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Nico Wayne Toussaint

Nico Wayne Toussaint - Blasting the Blues

Nico Wayne Toussaint's latest effort is entitled "Blasting The Blues." Given the title, one has a certain idea of what to expect before the firs tspin. That notion isn't disavowed in the least by the first track. "Late Last Night" opens with a heavy guitar hook and continues as a one-chord boogie style rap leading to some very tasty amplified harp work by Nico. Unfortunately, the tempo and tenor of the song changes at the end to accomodate some frenetic slide guitar that most definitely puts the "z" in"blooz".

The second tune is a classic Muddy Waters song called "Champagne and Reefer" featuring Nico's bluesy vocals and Little Walter-style harp flitting and buzzing in the background throughout. Nico's tone is classic Chicago on the solo and he keeps it short and sweet in the traditional style. "Cadillac Babe" picks up the pace again and is reminiscent of James Cotton's treatment of "Rocket 88" in feel. Nico cites Junior Wells and Cotton as his main inspirations and his style is reflective of both, if leaning a bit toward Cotton, especially on this tune. If this one doesn't get you boppin', check your pulse.

"Little Angel Child" is a slow blues with Nico wailing some fine acoustic harmonica, again with a nod to Cotton. Nico puts the pedal to the metal once again with "Hot Sometimes", a classic blues beat with some interesting chord changes to give it some interest. The first guitar solo modulates up a step, then the band falls back down for the second guitar solo and Nico's harp solo. Screaming tone aplenty marks this as another tune that would be a great one to end a live set with.

At this point, the pace changes considerably with "Morning Swing", a jazzy number featuring Nico's chromatic harmonica chops and a bass solo in the middle. "No Sweat" is the first song on the CD with French lyrics, aside from the title. This is another jazzy cut featuring a clarinet weaving its way throughout the song and Nico's smooth vocals, but no harp. More acoustic harp is the highlight of "She's Got Them Attitudes." This is a bouncy tune in the jug band tradition. "Blasting" is the appropriate word for "Walking Blues." That loud whirring noise you hear is Robert Johnson spinning in his grave. 'Nuff said.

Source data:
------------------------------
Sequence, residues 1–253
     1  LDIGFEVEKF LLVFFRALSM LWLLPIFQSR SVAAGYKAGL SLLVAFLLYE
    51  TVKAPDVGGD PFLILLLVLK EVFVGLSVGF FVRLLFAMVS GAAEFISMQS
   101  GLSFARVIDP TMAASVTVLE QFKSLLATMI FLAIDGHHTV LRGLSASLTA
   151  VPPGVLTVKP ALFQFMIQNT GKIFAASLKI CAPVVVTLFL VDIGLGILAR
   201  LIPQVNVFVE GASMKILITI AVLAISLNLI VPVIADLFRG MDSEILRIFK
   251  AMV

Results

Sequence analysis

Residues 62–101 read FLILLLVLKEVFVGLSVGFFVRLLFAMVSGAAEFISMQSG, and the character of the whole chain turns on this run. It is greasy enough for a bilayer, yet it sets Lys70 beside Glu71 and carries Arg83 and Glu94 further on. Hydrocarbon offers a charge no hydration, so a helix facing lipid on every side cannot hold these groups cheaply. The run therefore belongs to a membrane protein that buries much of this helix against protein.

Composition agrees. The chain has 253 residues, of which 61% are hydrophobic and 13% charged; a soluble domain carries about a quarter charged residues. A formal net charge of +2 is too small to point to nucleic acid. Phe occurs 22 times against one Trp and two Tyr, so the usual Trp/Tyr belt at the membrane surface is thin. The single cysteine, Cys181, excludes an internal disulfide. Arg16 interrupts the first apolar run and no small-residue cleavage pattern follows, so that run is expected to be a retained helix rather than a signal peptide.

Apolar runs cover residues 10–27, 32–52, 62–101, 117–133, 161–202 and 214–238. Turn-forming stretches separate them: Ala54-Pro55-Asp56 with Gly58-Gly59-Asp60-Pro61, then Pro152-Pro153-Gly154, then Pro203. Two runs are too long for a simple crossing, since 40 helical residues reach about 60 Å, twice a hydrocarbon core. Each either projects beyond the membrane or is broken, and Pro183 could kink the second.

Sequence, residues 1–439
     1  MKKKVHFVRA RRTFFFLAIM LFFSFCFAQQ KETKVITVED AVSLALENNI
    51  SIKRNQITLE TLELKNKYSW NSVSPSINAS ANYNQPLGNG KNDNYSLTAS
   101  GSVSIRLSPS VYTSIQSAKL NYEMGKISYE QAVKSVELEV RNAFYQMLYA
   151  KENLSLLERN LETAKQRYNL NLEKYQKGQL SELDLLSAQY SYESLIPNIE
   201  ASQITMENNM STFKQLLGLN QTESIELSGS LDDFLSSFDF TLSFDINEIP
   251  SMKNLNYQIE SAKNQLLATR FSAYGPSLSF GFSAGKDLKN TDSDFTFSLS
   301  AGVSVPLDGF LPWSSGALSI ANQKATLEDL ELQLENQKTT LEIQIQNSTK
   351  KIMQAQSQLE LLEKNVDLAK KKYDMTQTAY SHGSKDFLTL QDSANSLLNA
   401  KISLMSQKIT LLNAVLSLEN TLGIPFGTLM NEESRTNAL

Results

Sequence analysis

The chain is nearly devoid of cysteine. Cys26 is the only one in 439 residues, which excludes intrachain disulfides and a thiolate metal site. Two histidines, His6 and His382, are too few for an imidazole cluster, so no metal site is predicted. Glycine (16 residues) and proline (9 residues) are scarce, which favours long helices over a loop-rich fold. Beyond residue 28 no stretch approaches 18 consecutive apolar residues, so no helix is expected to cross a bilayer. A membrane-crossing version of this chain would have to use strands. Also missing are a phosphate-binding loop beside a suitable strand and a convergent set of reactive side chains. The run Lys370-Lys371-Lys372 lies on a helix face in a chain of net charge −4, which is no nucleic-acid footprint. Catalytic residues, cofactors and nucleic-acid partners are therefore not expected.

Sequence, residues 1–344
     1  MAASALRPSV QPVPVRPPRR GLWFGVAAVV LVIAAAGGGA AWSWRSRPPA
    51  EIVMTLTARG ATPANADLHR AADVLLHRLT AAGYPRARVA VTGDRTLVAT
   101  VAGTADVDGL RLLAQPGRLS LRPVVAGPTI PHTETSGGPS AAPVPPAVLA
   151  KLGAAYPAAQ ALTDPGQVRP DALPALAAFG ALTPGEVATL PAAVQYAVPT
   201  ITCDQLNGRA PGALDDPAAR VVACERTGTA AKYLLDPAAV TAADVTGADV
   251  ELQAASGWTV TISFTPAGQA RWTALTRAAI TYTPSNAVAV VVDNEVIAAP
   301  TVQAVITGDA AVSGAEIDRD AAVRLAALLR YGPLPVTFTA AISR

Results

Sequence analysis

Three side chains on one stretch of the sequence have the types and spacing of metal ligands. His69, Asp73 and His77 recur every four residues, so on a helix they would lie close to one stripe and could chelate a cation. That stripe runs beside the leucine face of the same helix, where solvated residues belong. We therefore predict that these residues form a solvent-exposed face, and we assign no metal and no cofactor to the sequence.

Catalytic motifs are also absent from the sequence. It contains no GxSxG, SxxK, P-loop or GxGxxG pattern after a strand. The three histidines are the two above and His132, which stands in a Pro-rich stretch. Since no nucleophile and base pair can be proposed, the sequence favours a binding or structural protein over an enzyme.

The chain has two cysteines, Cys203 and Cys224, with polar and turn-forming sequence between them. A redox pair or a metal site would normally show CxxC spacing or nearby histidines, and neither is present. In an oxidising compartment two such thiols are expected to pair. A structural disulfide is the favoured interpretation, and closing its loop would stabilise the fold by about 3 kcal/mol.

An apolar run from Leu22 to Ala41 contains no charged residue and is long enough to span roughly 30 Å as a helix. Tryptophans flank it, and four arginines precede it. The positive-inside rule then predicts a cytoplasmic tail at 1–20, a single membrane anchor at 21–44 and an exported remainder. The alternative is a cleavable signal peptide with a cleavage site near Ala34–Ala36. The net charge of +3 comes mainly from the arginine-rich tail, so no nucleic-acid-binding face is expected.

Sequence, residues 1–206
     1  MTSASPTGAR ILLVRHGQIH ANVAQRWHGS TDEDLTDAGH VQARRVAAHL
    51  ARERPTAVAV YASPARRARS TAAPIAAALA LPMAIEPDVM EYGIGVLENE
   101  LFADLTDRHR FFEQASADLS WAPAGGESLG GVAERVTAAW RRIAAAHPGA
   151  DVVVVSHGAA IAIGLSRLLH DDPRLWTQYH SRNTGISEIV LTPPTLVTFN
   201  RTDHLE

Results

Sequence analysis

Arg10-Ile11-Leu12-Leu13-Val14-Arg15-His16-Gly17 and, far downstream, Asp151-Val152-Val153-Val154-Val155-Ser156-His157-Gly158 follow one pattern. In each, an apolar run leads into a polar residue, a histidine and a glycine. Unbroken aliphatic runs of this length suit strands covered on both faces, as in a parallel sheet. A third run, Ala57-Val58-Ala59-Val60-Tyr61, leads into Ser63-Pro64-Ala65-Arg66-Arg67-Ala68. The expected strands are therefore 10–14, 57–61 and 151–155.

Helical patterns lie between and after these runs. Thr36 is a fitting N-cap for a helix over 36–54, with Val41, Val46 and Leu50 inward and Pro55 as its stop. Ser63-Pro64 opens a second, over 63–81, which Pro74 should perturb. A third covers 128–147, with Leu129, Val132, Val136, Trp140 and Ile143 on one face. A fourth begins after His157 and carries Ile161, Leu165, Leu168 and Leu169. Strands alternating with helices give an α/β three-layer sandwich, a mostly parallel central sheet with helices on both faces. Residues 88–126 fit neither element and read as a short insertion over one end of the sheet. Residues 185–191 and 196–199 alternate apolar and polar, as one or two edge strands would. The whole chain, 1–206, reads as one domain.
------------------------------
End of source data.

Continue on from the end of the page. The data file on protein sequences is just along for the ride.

"Got Love If You Want It" is an interesting treatment of the classic Slim Harpo tune. Heavy reverb on an unamplified harmonica and vocals backed with tremolo-soaked guitar and Bo Diddley drums give this track an appropriately swampy feel. "L'avenir avenir" features French lyrics and countrified slide guitar and would play well on the crossover country charts. It's a pretty tune, but I'm not sure what it's doing on this disk.

The proceedings glide to a halt with "I'm In Love". I once saw Steve Guyger play a slow blues for the third encore at a gig which calmed the frenzied crowd and sent them home mellowed out rather than stomping and cheering for even more. This track is in that spirit and leaves the listener in a mellow, contemplative state of mind rather than blasting to a finish, as the CD title would have him expect.

The scary thing about Nico is that compared to old-timers like myself, he's a mere kid. His combination of tone, chops and soul is unusual in a player that young. There are a ton of young harp slingers around with chops to burn and the tone to match, but they have no soul, at least not to these ears. Nico will only get better with maturity, to which I for one am looking very much forward.

John "Chon" Sawyer

Buy at FNAC